Tuesday, May 31, 2005

SciAm's Horgan bashes Citizen Cyborg and cyborg-evangelism

John Horgan, the author of "Brain Chips and Other Dreams of the Cyber-Evangelists," (subscription required) in the Chronicle of Higher Education today (6/3/2005), doesn't think that the prospects of cyborgs are worth talking about, at least in comparison with "terrorism, overpopulation, poverty, environmental degradation, AIDS and other diseases, and all the pitfalls of ordinary life."
Indeed, now and for the foreseeable future, cyber-evangelism is best understood as an escapist, quasi-religious fantasy, which reflects an oddly dated, Jetsons-esque faith in scientific progress and its potential to cure all that ails us.
Horgan is the author of Rational Mysticism: Dispatches from the Border Between Science and Spirituality, a quite good book on the neurobiological basis of mystical experiences, one of the topics I'm exploring for my second book. I wonder if he'll like that book better than he liked Citizen Cyborg.
James Hughes, a bioethicist at Trinity College, in Hartford, nonetheless contends that the benefits of neurobionics far outweigh the risks. We could minimize potential problems, he argues in Citizen Cyborg, by establishing a benign, global government that made brain chips available to everyone and regulated their use. To ensure that cyborgs behaved, for example, the government would test them for moral decency; those who failed would have 'morality chips' installed.

Hughes is executive director of the World Transhumanist Association, whose members favor transcendence of our biological limits. Transhumanists enjoy debating issues like cryonic preservation: After you die, should you have your whole body frozen for revival after science has solved the problem of death -- or will your head alone suffice? Hughes also proposes equipping dolphins and monkeys with brain chips so that we can communicate with them. You would think someone who entertains such notions would be a fun guy, and perhaps Hughes is in person. But Citizen Cyborg has the deadly earnestness of an Al Gore white paper on toxic waste. Hughes wants us to take this cyborg stuff very, very seriously."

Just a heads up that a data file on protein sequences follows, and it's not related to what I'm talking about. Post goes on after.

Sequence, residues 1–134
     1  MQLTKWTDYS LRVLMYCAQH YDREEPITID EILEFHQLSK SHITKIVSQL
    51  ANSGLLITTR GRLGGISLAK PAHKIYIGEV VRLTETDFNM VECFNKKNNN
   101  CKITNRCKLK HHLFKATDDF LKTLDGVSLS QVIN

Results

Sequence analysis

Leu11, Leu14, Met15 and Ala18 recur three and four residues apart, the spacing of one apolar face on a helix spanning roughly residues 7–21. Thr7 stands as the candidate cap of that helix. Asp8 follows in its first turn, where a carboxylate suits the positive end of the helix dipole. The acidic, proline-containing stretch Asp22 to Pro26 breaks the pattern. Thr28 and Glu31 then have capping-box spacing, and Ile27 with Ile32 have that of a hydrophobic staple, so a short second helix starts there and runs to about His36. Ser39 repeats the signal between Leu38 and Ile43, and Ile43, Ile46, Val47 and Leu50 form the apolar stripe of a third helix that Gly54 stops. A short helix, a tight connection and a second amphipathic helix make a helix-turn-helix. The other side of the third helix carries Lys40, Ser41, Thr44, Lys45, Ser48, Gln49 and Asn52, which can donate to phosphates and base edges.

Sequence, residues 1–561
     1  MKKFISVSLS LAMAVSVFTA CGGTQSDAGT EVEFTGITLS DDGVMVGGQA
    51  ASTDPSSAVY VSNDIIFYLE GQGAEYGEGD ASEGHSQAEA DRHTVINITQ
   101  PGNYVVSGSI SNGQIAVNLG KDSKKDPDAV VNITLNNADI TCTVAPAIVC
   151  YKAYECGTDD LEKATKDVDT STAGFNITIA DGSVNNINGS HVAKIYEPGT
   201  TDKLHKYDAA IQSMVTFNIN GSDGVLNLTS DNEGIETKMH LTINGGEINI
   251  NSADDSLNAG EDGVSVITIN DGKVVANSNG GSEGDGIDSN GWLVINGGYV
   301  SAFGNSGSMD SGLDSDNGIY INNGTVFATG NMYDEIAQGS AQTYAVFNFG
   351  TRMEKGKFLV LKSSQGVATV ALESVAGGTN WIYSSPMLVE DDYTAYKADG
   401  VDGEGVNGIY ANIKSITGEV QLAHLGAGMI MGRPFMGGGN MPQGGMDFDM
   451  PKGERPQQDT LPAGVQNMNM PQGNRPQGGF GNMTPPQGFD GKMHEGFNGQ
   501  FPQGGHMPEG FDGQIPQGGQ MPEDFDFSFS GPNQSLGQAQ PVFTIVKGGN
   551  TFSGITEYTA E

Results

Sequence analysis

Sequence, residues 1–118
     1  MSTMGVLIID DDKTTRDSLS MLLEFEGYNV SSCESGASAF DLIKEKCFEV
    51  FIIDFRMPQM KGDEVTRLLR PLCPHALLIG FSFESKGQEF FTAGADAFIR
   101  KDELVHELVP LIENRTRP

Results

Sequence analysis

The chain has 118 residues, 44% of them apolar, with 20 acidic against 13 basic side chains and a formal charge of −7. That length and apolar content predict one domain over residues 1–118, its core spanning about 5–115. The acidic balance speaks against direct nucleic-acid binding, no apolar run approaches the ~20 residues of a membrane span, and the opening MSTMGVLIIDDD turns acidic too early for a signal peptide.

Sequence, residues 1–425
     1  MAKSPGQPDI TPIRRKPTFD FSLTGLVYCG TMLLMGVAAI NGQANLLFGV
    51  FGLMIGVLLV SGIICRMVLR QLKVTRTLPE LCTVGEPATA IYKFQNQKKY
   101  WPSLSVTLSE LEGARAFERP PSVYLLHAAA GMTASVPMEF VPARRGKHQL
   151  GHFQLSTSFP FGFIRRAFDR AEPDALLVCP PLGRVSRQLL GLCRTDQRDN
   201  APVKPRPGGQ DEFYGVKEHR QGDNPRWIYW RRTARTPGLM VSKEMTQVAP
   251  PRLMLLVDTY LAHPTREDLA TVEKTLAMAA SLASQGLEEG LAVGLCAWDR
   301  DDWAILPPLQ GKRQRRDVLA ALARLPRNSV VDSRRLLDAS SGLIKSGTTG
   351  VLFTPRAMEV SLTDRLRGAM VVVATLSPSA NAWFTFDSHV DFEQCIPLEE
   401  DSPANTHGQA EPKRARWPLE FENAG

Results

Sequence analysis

Ouch. Can't please everyone. But it is ironic that Horgan dismisses progress towards cyborg chipping and mandated behavior modification in the same week that Zarlink announces its wireless receiver/broadcast computer chip for medical implants , and Nature publishes research on the use of the hormone oxytocin to increase trust.

Monday, May 30, 2005

New in-vitro method ups chance of pregnancy

From a CBC News article with a very transhumanist conclusion:

Doctors in Montreal are reporting success with a new reproductive technology. It's called in-vitro maturation and is similar to in-vitro fertilization. But doctors say this technique is much easier on women's bodies, and much less expensive.

Dr. Seang Lin Tan of McGill University's Reproductive Centre is the first doctor in Canada to perform the technique. The new technology accelerates the maturation of human eggs outside the womb.

It is similar to in-vitro fertilization in that women are given hormones to mature their eggs in the ovary. The eggs are removed and fertilized in the lab.

But with IVM, women take only one shot of hormone and the embryo is grown outside the body for a longer period of time.

That means less drugs, fewer side-effects, and about half the cost.

Medical ethicist Margaret Somerville doesn't like the idea. "Scientists are charging ahead with reproductive technology...without watching where they are going."

Jihan Alkharouf, a patient in the study and new parent, disagrees.

"IVM is the perfect joining of religion and technology. That resulted in life where none had been possible before."